Array’s Ability To Pull Names Like Nas And Big Gigantic Shows That It Can Become One Of Dallas’ Best Festivals — So Long As Its Organizers Think Bigger In Years To Come.
Slideshow photos by Denzel Golatt.
Seems the only thing that could get in Array’s way moving forward would be not thinking big enough.
By making use of two of Deep Ellum’s largest venues — neighboring sister spots Canton Hall and The Bomb Factory — Saturday night’s ambitious, two-venue, music-meets-visual-art festival surely had no shortage of production value. And yet the event, part of the Soluna Festival currently taking place around town, still felt as though not enough programming was considered for both spaces.
On the art side of things at Canton Hall, the installations did exactly what curator Erica Felicella told us a few weeks ago she hoped would do: They welcomed crowds of all levels of art literacy. The interactive nature of the six new commissioned works at Canton Hall for sure drew the attention of their visitors and invited them to participate in groups. Tramaine Townsend’s 360-degree virtual reality installation, for example, saw people putting on a VR headset and turning their heads left and right to see the artist’s interpretation of social media’s empty sense of validation. Meanwhile, Darcy Neal’s touch-based light and sound “Cube Sound” installation at The Bomb Factory best captured the STEM and art intersection that Array’s organizers were originally tasked with finding.
Given the fact that these were new artist creations, though, there wasn’t really a natural flow to the space at Canton Hall. Maybe the next batch of artists who will participate in Array’s showcase should be tasked with, instead of creating new works, selecting pre-existing works and finding ways of enhancing them with STEM-inspired techniques and connecting them to other featured artists’ works.
At The Bomb Factory, the music portion of the offering — centered more around the notion of collaboration by combining national and local talents through live on-stage mash-ups — definitely drew more eyeballs. But the stated concept of blending talents together on stage rather than in the studio was clearly a task much easier said than done as most of the supposed collaborations amounted more to glorified guest appearances.
When Kaleo opened its set, the Neo-Classical Ballet danced around for about three minutes while lead singer JJ Julius Son solemnly played his guitar. Then, Kaleo simply closed out its set, leaving the dancers to be but a mere afterthought.
Later, the crowd in the room started to fill out in anticipation of Nas’ scheduled performance with the Dallas Symphony Orchestra — then loudly cheered on the hip-hop superstar’s arrival, seemingly oblivious to the fact that he was recently accused by his ex-wife Kelis of years of physical and psychological abuse. The Dallas Symphony Orchestra’s participation in his set similarly felt like an after-thought, barely audible over the booming bass of the speakers that blared Nas’ main backing tracks.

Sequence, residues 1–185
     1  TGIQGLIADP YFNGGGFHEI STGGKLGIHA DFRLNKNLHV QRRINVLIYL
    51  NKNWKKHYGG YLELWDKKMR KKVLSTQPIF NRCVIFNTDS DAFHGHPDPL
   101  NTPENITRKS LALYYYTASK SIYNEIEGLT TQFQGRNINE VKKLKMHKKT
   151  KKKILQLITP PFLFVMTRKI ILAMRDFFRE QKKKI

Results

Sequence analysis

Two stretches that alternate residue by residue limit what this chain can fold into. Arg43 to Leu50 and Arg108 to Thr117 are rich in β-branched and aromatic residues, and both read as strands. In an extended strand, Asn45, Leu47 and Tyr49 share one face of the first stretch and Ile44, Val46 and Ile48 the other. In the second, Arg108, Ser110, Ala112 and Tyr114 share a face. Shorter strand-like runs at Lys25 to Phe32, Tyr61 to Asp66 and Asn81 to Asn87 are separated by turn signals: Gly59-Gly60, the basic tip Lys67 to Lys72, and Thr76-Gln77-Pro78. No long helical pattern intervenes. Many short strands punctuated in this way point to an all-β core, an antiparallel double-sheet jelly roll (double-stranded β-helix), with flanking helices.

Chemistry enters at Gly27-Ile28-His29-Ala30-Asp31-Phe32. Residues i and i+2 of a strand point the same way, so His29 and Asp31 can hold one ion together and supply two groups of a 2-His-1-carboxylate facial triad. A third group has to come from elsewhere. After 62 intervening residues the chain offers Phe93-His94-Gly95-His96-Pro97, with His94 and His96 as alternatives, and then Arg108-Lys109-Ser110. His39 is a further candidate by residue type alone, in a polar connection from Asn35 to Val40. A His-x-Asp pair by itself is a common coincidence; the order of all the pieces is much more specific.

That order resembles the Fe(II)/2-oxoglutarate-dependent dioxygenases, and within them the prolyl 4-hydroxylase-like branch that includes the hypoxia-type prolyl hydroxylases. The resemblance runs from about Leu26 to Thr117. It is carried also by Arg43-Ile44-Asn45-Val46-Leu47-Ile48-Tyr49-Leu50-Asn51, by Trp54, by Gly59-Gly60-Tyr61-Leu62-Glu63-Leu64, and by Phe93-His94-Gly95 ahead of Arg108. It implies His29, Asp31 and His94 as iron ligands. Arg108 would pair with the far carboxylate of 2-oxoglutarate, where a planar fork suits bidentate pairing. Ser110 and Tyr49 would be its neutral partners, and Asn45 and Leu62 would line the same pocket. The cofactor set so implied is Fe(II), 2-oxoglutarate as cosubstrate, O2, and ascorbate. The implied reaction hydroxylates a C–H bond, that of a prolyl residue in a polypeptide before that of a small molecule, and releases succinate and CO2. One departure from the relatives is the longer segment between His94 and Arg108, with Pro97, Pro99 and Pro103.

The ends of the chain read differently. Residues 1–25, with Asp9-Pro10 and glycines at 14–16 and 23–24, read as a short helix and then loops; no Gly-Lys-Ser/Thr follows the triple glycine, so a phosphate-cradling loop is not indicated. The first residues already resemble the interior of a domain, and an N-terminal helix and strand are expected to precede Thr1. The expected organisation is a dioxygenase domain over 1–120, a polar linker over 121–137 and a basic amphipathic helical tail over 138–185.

The night-closing set featuring EDM heroes Big Gigantic and the Dallas Mavericks Drumline best fulfilled the night’s promises. After Big Gigantic already started things off strongly, the drumline then came out and actually matched the energy of Dominic Lalli and drummer Jeremy Salken — and didn’t let up either. It was a cool to witness an underexposed Dallas group actually got the chance to shine in this setting; it was just too bad that so many of the fans who’d come out to see Nas left by the time this moment occurred.
Still, the moment felt earned: Big Gigantic and the drumline seemed to develop a genuine kinship over the course of their collaboration, exemplified by the fact that drumline leader Todd Jackson, after having collaborated with Big Gigantic over Skype for weeks now, presented Lalli and Salken with personalized Mavs jerseys during their Friday rehearsal.
If there is to be another Array next year, organizers would do well to consider artists that complement each other as Big Gigantic and the drumline did, rather than simply book acts that sit on polar opposite sides of the musical spectrum and hope that the spectacle of their shared billing will be enough to impress audiences.
We do hope that there are future Array offerings regardless, though. After Saturday night, the potential of an event like this one was made quite clear — both on the music and art sides of things.